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EDA Investments Boost Bioscience and Technology at KU Innovation Park

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This summer, officials held the grand opening of Phase III of KU Innovation Park, which was supported by a $7.8 million EDA investment.

Lawrence, Kansas, is already our planet’s default center on Google Earth. Now with EDA support, it will also serve as the center of bioscience and technology in the state.

This summer, officials held the grand opening for Phase III of KU Innovation Park, a new 66,000 square- foot building filled with wet-lab and office space. The facility was completed through a $7.8 million EDA Economic Adjustment Assistance investment funded through the 2019 Disaster supplemental.

“There isn’t a whole lot of wet lab space in the region. It’s expensive to develop, and if a company wanted to grow, they typically had to leave the region,” said Adam Courtney, Chief Financial Officer. “Our facility fills that gap, and we continue to see high demand for the space.”

Formerly the Bioscience Technology Business Center, KU Innovation Park was created in 2010 through four stakeholders: the city of Lawrence, Douglas County, the University of Kansas, and the Lawrence Chamber of Commerce. Its goal is to create, recruit, grow, and retain life science companies who create jobs and wealth in the region and state.

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The Phase III building at KU Innovation Park features in-demand wet lab space.

“Prior to these facilities, our local economy was based predominantly on public sector, university, and service industry jobs. These facilities will help to diversify our economy by growing more tech, research, science, and business jobs. They will also make it more resilient.” Courtney said.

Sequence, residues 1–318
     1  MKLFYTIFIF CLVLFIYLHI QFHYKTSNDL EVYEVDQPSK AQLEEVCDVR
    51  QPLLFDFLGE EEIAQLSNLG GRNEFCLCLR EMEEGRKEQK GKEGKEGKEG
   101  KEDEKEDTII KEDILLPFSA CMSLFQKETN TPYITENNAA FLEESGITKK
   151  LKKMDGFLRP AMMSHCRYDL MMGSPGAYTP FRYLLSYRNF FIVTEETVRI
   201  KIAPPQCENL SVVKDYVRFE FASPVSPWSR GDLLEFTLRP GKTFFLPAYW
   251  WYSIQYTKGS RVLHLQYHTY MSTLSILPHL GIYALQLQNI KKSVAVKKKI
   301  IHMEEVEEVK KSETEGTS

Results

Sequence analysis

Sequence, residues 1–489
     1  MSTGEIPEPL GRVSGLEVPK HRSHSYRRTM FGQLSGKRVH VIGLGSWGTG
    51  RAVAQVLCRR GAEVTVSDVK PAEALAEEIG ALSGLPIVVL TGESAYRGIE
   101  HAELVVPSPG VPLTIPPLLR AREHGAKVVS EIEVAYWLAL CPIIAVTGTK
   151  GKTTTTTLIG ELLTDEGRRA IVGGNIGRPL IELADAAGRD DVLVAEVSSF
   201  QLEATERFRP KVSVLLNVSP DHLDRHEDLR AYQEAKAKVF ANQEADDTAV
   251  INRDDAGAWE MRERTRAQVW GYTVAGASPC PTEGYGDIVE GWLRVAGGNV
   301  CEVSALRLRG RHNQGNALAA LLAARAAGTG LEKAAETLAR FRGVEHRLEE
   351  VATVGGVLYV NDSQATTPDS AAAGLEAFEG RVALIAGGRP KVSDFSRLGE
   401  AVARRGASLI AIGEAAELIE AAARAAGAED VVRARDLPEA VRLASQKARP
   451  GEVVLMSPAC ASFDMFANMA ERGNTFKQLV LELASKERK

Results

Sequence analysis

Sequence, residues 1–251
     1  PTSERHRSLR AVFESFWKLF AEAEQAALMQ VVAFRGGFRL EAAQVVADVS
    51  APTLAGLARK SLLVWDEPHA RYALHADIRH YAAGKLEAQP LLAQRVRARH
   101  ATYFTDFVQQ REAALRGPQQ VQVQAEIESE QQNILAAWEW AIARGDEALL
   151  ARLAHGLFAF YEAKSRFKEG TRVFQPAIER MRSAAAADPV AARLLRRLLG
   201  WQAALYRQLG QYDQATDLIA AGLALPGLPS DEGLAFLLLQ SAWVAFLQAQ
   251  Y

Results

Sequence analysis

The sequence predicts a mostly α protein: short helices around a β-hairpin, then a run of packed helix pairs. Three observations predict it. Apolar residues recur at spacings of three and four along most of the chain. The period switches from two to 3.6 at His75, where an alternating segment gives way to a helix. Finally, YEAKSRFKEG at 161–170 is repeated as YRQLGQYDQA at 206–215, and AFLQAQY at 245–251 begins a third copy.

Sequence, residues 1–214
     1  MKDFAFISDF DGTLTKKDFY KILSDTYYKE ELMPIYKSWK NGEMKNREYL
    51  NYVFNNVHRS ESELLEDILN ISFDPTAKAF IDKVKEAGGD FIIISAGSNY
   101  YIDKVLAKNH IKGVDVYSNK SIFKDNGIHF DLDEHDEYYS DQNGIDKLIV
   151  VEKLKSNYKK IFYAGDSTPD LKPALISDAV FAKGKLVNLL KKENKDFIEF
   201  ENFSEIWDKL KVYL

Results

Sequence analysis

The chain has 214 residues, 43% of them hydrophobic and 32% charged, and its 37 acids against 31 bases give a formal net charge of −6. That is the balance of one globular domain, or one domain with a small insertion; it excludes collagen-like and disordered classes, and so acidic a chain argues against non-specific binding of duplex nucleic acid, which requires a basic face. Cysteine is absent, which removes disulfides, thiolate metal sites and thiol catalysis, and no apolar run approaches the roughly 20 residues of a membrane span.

The Phase III building will house 12 companies and officials expect it to be fully booked by the end of 2022. Many of the companies are graduating to Phase II from the Park’s incubator building, including those focused on vaccine development, radar sensing, drone technology, and cybersecurity.

“Phase III is an expansion for a lot of our companies. They have grown out of their current space and facilities and now need additional resources,” said Courtney. “With current companies moving into the new space, that frees up the main building for new startups to grow and develop.”

The innovation park is also expanding its business services support to startup companies and adding a GMP (Good Manufacturing Practice) lab for small scale, pilot manufacturing. Additionally, officials are adding a new accelerator suite program and space to house additional startup companies, thanks to a $1.5 million EDA Build to Scale investment.

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KU Innovation Park has a network of 63 current and graduate companies, which have created 590 jobs and $36 million in payroll.

“Our goal is to meet companies where they are at and provide that level of service or whatever services they need at that time,” said Courtney.

KU Innovation Park has a network of 63 current and graduate companies, which have created 590 jobs and $36 million in payroll.

“A successful graduate company for us is keeping the company in the region or state and most of our companies have done so. We’re really trying to help these companies grow roots and grow the regional and state economy,” said Courtney.

Based on the Park’s growth, development, and demand, officials are already planning for future phases.

“Looking back on what we’ve done, we feel we can continue to be successful and have that compound growth over the next 15 years. Our goal is to construct 10 buildings and 800,000 square feet of space, which would create up to 4,000 jobs,” Courtney said.

Tags: Innovation & Entrepreneurship

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